Nocturnal enuresis, the medical term for night time bed-wetting, is actually more common among school-age kids than you might think. While many children are able to hold their urine all night by age 5, up to one in eight second-graders are still dealing with this embarrassing condition. The percentage drops steadily as children get older (thank goodness), but 1 in 20 10-year-olds still wets at night and an unfortunate 1 to 2 percent struggle with the problem until age 15.
For most kids, the problem is neurological. The child’s brain isn’t sending signals to his bladder to hold his urine while he’s sleeping. Genetics plays a role, too. About three out of four children who suffer have a sibling, parent, aunt, uncle or cousin who also wet the bed during childhood. Occasionally, sudden-onset wetting can be psychological, triggered by upheaval, like a move, a new baby or a divorce.
Despite how common bed-wetting is, even parents tend to keep the problem under the covers. Once these big kids are past what is normally the diaper stage (by around age 4), bathroom issues are no longer prime-time conversation among mom friends.
Because bed-wetting is primarily neurological, punishing or shaming a child won’t help and can actually make the treatment process take longer. Instead, a good place to start is to simply explain to your child what’s happening to his body.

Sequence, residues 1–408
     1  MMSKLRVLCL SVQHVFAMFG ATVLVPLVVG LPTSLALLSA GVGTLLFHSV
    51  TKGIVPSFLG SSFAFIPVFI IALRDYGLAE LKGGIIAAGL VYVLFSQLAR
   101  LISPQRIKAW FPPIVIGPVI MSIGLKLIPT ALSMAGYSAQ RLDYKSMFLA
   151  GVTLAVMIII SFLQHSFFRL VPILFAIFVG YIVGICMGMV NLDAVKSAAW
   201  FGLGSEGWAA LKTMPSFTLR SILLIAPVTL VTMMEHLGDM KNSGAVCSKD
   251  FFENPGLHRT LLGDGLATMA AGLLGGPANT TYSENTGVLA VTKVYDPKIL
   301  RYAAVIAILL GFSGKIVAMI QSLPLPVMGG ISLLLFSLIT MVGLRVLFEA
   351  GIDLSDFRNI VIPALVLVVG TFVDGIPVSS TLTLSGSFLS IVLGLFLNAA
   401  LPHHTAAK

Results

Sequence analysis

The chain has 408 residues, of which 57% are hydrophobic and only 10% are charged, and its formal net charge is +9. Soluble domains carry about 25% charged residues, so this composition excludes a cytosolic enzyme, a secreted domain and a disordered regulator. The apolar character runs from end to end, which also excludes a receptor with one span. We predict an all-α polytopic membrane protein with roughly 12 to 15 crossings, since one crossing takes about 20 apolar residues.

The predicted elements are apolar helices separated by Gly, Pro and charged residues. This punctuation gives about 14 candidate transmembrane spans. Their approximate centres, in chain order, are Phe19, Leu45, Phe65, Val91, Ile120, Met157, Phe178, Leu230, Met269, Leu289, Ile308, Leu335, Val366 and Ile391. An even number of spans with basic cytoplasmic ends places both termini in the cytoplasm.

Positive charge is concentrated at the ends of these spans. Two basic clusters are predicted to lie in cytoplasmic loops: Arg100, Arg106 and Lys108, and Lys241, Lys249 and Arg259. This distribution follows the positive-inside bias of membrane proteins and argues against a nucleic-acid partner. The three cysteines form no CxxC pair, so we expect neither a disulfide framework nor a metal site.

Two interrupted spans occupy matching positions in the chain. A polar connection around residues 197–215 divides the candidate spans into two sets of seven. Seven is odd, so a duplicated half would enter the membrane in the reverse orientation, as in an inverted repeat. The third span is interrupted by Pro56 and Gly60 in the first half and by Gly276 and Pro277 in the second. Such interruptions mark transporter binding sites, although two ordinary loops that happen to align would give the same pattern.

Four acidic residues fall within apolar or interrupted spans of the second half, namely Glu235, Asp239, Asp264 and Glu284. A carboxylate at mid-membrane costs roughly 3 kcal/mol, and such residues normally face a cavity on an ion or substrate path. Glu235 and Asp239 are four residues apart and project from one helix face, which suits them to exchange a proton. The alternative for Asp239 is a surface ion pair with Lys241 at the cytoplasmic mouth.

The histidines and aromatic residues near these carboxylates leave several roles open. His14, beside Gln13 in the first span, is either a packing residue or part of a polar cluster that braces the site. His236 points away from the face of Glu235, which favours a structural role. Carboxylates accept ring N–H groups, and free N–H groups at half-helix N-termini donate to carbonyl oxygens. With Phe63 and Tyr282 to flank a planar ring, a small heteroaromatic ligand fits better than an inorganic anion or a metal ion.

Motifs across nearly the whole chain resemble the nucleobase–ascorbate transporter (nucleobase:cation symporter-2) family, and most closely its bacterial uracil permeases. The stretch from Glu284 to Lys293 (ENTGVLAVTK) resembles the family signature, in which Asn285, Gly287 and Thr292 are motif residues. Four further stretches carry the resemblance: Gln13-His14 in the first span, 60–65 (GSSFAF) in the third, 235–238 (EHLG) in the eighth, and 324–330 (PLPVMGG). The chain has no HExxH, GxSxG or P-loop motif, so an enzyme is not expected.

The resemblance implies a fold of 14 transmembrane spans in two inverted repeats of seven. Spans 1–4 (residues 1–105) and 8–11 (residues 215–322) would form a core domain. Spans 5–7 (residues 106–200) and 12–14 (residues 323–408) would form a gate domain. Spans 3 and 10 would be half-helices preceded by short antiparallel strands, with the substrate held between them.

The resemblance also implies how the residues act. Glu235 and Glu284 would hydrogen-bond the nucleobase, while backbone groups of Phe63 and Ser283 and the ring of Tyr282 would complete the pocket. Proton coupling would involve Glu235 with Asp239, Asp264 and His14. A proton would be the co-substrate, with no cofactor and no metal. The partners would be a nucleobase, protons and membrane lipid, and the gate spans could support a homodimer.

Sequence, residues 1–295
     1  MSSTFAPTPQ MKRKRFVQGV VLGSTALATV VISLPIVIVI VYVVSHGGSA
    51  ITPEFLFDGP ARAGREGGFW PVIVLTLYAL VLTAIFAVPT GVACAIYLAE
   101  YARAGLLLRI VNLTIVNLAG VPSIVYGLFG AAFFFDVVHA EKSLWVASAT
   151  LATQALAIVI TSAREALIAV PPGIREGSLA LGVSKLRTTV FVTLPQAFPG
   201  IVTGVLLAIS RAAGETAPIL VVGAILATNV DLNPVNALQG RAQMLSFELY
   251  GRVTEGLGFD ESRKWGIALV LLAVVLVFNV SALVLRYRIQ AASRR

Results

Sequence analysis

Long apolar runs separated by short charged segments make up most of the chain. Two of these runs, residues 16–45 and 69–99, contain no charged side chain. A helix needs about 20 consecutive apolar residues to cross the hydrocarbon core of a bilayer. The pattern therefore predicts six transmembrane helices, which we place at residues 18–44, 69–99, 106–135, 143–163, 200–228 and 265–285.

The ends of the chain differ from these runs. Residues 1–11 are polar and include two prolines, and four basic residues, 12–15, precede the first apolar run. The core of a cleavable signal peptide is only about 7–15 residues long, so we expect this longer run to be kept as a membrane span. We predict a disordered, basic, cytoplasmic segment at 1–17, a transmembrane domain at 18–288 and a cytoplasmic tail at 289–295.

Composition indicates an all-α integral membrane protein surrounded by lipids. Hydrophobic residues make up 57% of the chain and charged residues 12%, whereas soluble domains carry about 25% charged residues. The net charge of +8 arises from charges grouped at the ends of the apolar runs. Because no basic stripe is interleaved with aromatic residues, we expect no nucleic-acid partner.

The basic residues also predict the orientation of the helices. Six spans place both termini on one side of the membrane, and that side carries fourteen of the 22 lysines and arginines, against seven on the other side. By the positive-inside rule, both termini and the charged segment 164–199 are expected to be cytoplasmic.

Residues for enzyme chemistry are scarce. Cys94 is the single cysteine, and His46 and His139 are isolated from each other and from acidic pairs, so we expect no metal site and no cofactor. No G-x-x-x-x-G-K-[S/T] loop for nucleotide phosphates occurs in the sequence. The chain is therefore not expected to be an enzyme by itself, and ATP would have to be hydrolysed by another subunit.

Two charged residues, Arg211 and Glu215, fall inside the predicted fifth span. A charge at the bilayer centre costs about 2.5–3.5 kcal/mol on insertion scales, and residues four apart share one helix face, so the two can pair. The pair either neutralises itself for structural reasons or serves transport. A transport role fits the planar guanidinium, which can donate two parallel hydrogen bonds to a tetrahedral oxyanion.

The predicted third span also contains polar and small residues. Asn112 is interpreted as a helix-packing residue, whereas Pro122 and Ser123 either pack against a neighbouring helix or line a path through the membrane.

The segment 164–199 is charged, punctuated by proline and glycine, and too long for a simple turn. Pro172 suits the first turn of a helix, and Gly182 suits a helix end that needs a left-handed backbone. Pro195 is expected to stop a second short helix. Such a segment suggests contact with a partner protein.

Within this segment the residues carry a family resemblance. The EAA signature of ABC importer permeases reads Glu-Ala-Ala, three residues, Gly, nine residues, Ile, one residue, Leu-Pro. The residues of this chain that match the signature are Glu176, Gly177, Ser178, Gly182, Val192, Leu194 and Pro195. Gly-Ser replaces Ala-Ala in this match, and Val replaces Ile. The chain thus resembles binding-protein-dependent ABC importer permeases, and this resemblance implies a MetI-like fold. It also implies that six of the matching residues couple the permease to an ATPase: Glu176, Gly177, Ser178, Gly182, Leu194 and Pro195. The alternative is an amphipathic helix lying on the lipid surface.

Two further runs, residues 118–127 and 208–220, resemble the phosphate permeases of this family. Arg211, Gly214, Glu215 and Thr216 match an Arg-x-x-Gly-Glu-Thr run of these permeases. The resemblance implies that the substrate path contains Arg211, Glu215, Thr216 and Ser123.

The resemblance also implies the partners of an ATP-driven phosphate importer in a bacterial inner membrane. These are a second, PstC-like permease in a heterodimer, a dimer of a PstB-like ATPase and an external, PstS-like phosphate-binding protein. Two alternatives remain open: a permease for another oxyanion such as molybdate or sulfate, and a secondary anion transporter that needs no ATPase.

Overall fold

You can say something like this, “When you sleep, your brain can’t control your bladder. It’s not something you do on purpose or because you’re babyish. Eventually, as you get a little older, you won’t wet the bed.”
It is important to address bedwetting issues because they can affect a child’s self esteem and even yours, making you question your parenting. You become uncomfortable with your child sleeping outside the house with friends or relatives.
Getting Kids Dry
The first step is pretty simple: Doctors have patients follow basic techniques like eliminating caffeine from their diets and limiting fluids at night.
Tips for pee-free nights
Rule out health problems
Have your health care provider screen your child for any medical conditions—though they’re pretty rare—that could cause bed-wetting. Same goes for a child who has been dry at night but suddenly starts wetting; she may have a bladder infection.
Be on daytime potty patrol.
Some kids pee at night because they’re constipated all the time; a full rectum can interfere with bladder function. In this case, offer your child plenty of water and fiber-rich foods, and talk to your doctor about an over-the-counter laxative. Also, encourage your child to try using the bathroom (even if he doesn’t have the urge) every two to three hours during the day. A bladder that is not emptied completely or often enough during the day can respond by completely letting go at night.
Night Time Intervals
Wake your child at different intervals during the night even if he doesn’t feel like it, take him to use the bathroom.
Doing this consistently would make him wake by himself when he needs to go.
Make sure your child is ready.
Your frustration isn’t the key here. Your child has to be motivated to stop wetting the bed. If he’s not bothered, stick with disposable nighttime undergarments for a while longer. He’ll let you know when it’s time.